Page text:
## Introducing the Box Plot

The box plot (or box and whisker plot) is a visualization that uses the median and quartiles to visualize the distribution of numeric data.

The box plot is handy as it allows for visualizing the distribution of numeric data by categories (e.g., product line, geography, and time).

The following subsections explain how to interpret box plots.

### Interpreting the Box

Consider the following snippet from a box plot of *Sales Amounts* created using Excel.

First, note in Fig 05 that the category for the visualization is “Calendar 2006.” This box plot shows the distribution of Sales Amounts for the year 2006.

Fig 05 also depicts how the box is interpreted on a box plot:

- The top of the box represents the value greater than 75% of the data.
- The line within the box is the median (i.e., the 50th percentile).
- The bottom of the box represents the value greater than 25% of the data.
- The box height represents the “middle 50%” of the data.

Examining the box of Fig 05 shows that the median line is drawn toward the top, indicating some skew in the *Sales Amounts*.

### Interpreting the Whiskers

After the box, the next aspect of box plots to examine is the “whiskers.”

The length of box plot whiskers uses one of several standard calculations (for more details, see this Wikipedia article). For this blog post, the exact calculation isn’t necessary.

What is needed is an intuitive understanding of what the whiskers provide – a visual representation of how the lowest/highest values are distributed.

Using Fig 06 as an example, examining the whiskers shows that the lower whisker is shorter than the upper whisker.

This illustrates that higher *Sales Amount* values are more broadly distributed (i.e., the higher values are more spread out) than lower Sales Amount values.

### Interpreting Outliers

The last aspect of box plots to examine is the outliers. Outliers are simply any values that are beyond the end of the whiskers.

One advantage of using box plots to analyze numeric data is using a standardized calculation for defining outliers.

Examining the outliers depicted in Fig 06 shows:

- There are no
*Sales Amount*outliers below the bottom whisker. This means that the lowest*Sales Amount*values are not widely distributed. - There are 13
*Sales Amount*outliers above the top whisker, which takes up much vertical space in the visualization. This means that the highest*Sales Amounts*are broadly distributed (e.g., there are a few very high*Sales Amounts*, and they vary widely).

With the knowledge of how to interpret box plots, it’s time to build a box plot of *Sales Amounts* over time.

## Analyzing Sales Amounts

### Configuring the Pivot Table

The AtScale data model built by your IT department has many features that make accessing the data needed to construct a box plot of *Sales Amounts* over time straightforward.

The first step is to add the *Sales Amounts* measure to the PivotTable.

Next is adding the *Order Data Month Hierarchy* dimension for the rows of the PivotTable.

Adding the Order dimension to the rows of the PivotTable completes the initial configuration.

At this point, here’s what the PivotTable looks like.

As depicted in Fig 11, the PivotTable is not in the correct format for use in a box plot due to the hierarchical nesting of the data.

Converting the PivotTable to tabular form is the first step in correcting the format.

The menu item depicted in Fig 12 is accessed using these steps:

- With the PivotTable selected in the worksheet, click on Design in the Excel Ribbon.
- Click Report Layout.
- Select the Show in Tabular Form option.

The PivotTable will now look as follows.

The next step is to repeat the Order Year dimension values down the PivotTable.

The menu item depicted in Fig 14 is accessed using these steps:

- With the PivotTable selected in the worksheet, click on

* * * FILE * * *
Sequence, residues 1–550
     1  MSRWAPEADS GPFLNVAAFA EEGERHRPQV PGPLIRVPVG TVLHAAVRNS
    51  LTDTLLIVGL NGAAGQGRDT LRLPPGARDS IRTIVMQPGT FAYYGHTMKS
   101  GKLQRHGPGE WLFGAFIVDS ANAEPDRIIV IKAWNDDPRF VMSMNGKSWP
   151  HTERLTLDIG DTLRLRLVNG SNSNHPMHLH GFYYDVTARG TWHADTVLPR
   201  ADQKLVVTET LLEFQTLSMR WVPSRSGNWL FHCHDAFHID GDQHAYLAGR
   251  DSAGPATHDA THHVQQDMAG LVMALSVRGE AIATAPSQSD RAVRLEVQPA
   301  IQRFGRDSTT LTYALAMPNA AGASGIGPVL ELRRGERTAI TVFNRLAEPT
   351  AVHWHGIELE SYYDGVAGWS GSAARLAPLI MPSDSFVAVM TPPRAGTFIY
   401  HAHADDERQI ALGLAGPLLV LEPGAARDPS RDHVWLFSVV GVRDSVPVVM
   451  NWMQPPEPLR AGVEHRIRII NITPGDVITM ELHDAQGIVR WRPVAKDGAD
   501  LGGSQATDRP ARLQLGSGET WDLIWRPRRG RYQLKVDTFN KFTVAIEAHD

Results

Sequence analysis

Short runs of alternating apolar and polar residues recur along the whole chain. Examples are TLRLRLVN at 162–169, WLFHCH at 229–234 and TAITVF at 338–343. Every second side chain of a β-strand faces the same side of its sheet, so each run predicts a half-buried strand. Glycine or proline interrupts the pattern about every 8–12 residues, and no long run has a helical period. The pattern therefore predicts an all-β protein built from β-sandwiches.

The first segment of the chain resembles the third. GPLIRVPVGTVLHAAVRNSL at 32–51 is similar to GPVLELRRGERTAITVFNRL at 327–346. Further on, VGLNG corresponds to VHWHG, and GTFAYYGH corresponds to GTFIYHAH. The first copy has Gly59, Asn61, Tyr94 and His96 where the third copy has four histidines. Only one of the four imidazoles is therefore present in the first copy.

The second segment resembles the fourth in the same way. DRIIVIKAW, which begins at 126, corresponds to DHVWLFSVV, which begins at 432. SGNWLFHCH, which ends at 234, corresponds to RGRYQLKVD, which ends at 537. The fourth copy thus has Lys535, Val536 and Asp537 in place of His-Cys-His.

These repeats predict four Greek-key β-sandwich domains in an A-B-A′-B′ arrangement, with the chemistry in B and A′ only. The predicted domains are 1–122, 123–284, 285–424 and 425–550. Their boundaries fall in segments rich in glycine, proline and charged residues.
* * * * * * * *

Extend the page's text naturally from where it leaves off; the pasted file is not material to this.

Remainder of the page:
*Design*in the Excel Ribbon. - Click
*Report Layout*. - Select the
*Repeat All Item Labels*option.

The PivotTable will now look like the following.

While the PivotTable is configured correctly, the data is not usable for creating a box plot because the *Order* Dimension aggregates the data at too high a level.

**Note:** For brevity, this post will treat all currencies the same, even though this would be erroneous in the real world.

What is needed is to expand the *Order* dimension to the level of individual orders.

Here’s how to expand the *Order* dimension:

- Select all the
*Currency*cells. - Right-click using your mouse.
- Select
*Expand/Collapse*from the menu. - Select the
*Expand to “Order”*option.

Expanding the Order dimension produces fine-grained details from the AtScale data model your IT department created.

The PivotTable is now sufficiently configured to build a box plot using Excel.

### Creating the Box Plot

When this blog post was written, Microsoft Excel did not support creating a box plot directly from a PivotTable.

The easiest solution is to copy and paste the PivotTable values to a new worksheet.

**Note:** Do not copy the *Grand Total* line of the PivotTable, as it is unnecessary.

The *Currency* and *Order* columns are unnecessary for the box plot, so it’s best to delete them.

Selecting all the copied data from the new worksheet is the first step for creating the box plot.

With all the data selected, follow these steps:

- Select
*Insert*from the Excel Ribbon. - Within the
*Charts*section, click on the*Histogram*option. - Select
*Box and Whisker*.

The box plot will be rendered within the worksheet.

### Sales Amounts Analysis

The following is a cleaned-up box plot produced by the worksheet data.

Examining the box plot depicted in Fig 22 shows the following:

- In 2005,
*Sales Amounts*varied far more than in recent years. - In 2005, the median of
*Sales Amounts*had the same value as the 25th percentile (that’s why no median line was shown), indicating that Sales Amounts were far more consistent at the low end compared to recent years. - The median value of
*Sales Amounts*has decreased every year. - The boxes for 2007/2008 appear nearly identical, indicating many low
*Sales Amounts*. - There are many
*Sales Amount*outliers starting in 2006 and continuing through 2008. - The top whiskers for 2007/2008 are nearly identical, indicating that there are consistently high
*Sales Amounts*, although not many. - There are many
*Sales Amount*outliers starting in 2006 and continuing through 2008.

## What’s Next?

Examining *Sales Amount* behavior over time has built upon the understanding gained from previous analyses.

## Power BI/Fabric Benchmarks